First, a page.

In the dynamic landscape of the National Basketball Association (NBA), the size of a team's market can significantly impact its operations and success. By success, we're looking beyond simply wins and losses and more at the overall value of the team. In this article, we will delve into the NBA's smallest market teams, analyzing their market size, stadium capacity, and franchise value. We will explore how these factors intertwine with the teams' performance and fanbase, showcasing that success can be achieved regardless of market size.
Small Market Triumph: Overcoming Obstacles
Small market teams face unique challenges in the NBA. With limited financial resources and potential revenue disparities compared to larger market teams, they often have to be resourceful and innovative to remain competitive. However, small market teams can foster a strong sense of community, as they're the only game in town. Fans remain incredibly loyal, and successful teams can often change the vibe of an entire city. Let's take a look at the NBA's smallest market teams.
The Smallest Market Teams in the NBA
New Orleans Pelicans: Embracing a Unique Market
The New Orleans Pelicans, situated in the vibrant city of New Orleans, navigate a distinct market landscape. With a market size of around 1.2 million people, the Pelicans operate in arguably the NBA's smallest market. However, they have fostered a passionate and dedicated fanbase that embraces the team as an integral part of the city's culture. The Smoothie King Center, their home arena, has a seating capacity of approximately 16,900, providing an intimate and energetic atmosphere for games. The downside here is that Smoothie King is the smallest arena in the NBA. The franchise value of the Pelicans stands at an estimated $1.51 billion, which is dead last in the NBA. For reference, the New York Knicks command the highest valuation in the league at $6.12 billion. Despite all of this, the Pelicans finished the 2022-2023 season ranked 9th in the Western Conference at 42-40. While they lost in the play-in games, their roster is young, talented, and relatively cheap, as they had the 20th highest team salary in the league. Lots of upside in New Orleans.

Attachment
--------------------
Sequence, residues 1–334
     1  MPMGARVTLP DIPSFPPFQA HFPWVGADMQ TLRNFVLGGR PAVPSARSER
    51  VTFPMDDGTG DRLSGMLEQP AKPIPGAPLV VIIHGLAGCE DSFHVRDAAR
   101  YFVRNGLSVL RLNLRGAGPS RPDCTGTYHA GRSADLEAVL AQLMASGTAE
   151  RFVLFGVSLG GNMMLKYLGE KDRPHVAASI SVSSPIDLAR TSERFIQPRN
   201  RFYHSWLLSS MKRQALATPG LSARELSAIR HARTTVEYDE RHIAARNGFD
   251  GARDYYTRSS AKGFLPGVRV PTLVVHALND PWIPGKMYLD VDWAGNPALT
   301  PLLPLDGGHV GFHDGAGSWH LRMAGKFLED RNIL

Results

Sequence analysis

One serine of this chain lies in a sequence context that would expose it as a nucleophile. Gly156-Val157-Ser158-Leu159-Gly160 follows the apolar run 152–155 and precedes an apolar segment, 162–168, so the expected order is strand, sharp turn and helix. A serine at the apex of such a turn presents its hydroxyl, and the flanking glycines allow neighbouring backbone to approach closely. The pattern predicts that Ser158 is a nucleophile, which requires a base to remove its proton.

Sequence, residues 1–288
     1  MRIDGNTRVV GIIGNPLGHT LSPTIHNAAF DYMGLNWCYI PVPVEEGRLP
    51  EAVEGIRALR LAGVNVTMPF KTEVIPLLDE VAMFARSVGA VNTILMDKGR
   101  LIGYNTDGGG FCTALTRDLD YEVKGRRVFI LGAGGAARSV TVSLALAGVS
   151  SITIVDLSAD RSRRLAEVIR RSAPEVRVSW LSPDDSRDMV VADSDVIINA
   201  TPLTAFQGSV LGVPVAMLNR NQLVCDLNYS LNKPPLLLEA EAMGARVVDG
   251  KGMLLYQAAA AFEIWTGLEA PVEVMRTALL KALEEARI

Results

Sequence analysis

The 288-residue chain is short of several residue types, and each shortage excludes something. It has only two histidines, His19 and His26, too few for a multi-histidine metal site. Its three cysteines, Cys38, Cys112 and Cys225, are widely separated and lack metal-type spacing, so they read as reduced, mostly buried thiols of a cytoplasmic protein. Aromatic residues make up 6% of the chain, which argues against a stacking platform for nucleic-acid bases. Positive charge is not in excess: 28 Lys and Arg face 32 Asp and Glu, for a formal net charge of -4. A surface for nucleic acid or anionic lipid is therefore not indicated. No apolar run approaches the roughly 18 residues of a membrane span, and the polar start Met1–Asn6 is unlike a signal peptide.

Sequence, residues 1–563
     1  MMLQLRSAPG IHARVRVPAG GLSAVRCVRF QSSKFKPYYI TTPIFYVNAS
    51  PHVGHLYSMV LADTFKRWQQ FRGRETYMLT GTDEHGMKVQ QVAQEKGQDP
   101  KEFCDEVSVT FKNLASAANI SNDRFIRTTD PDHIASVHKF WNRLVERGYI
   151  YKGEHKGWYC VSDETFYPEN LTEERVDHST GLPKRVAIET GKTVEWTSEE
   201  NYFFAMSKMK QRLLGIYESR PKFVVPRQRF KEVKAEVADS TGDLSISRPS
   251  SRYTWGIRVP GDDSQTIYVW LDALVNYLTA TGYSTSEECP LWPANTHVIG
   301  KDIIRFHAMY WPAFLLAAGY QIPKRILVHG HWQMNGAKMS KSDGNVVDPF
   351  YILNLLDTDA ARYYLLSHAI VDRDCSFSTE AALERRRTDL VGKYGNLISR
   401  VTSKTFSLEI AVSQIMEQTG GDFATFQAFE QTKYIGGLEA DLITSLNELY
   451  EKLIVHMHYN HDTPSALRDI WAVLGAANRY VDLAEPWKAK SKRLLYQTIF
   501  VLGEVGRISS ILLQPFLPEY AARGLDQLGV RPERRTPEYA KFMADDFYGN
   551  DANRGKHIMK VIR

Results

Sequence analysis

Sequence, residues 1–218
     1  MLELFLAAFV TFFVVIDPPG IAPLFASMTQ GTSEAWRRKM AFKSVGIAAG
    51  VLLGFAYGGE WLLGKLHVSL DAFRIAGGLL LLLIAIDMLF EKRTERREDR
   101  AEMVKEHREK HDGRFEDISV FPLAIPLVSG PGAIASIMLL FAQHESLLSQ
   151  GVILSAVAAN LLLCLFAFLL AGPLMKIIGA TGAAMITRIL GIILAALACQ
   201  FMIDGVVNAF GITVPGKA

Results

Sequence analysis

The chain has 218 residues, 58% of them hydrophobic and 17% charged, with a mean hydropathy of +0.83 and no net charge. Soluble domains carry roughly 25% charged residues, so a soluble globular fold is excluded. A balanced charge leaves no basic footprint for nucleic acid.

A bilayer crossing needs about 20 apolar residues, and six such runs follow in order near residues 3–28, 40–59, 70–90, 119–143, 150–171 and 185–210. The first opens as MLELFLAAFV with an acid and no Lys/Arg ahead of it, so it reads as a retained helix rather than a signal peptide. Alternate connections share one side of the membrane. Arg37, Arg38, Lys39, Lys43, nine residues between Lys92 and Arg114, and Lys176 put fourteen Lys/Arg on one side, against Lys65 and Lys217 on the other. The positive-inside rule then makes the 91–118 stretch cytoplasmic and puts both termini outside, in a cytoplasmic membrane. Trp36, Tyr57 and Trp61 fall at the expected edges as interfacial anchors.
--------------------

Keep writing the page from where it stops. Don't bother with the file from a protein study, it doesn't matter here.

Memphis Grizzlies: Thriving in the Mid-South
The Memphis Grizzlies have carved out their own space in the NBA as a competitive small market team. With a market size of approximately 1.3 million people, the Grizzlies have solidified their place in the hearts of fans in the Mid-South region. The FedExForum, their home arena, has a seating capacity of around 17,500, offering an inviting and electric atmosphere for games. The franchise value of the Grizzlies is estimated to be $1.53 billion, one spot ahead of the Pelicans. Had this article been written weeks earlier, we would've pointed straight at Ja Morant and said "the value of the Grizzlies is clearly on the rise." If Morant can get past his recent string of questionable decisions, Memphis is set up to be a power in the West. The Grizzlies finished the regular season ranked second in the West, only behind potential NBA champion, Denver.
Oklahoma City Thunder: Thunderous Success in the Heartland
The Oklahoma City Thunder, born out of the relocation of the Seattle SuperSonics in 2008, have emerged as a formidable force in the NBA despite their small market status. With a market size of around 1.4 million people, the Thunder has built a passionate and dedicated fanbase and has a lot of young talent to be excited about. Their arena boasts a capacity of approximately 18,200 seats, creating an electric atmosphere for Thunder games. The franchise value of the Thunder is estimated to be $1.67 billion, showcasing their financial strength. The Thunder didn't spend a lot in 2022-2023, with the 18th highest team salary, and they have a slew of upcoming first-round picks. OKC's ability to draft well and develop young talent sets them up incredibly well for the future.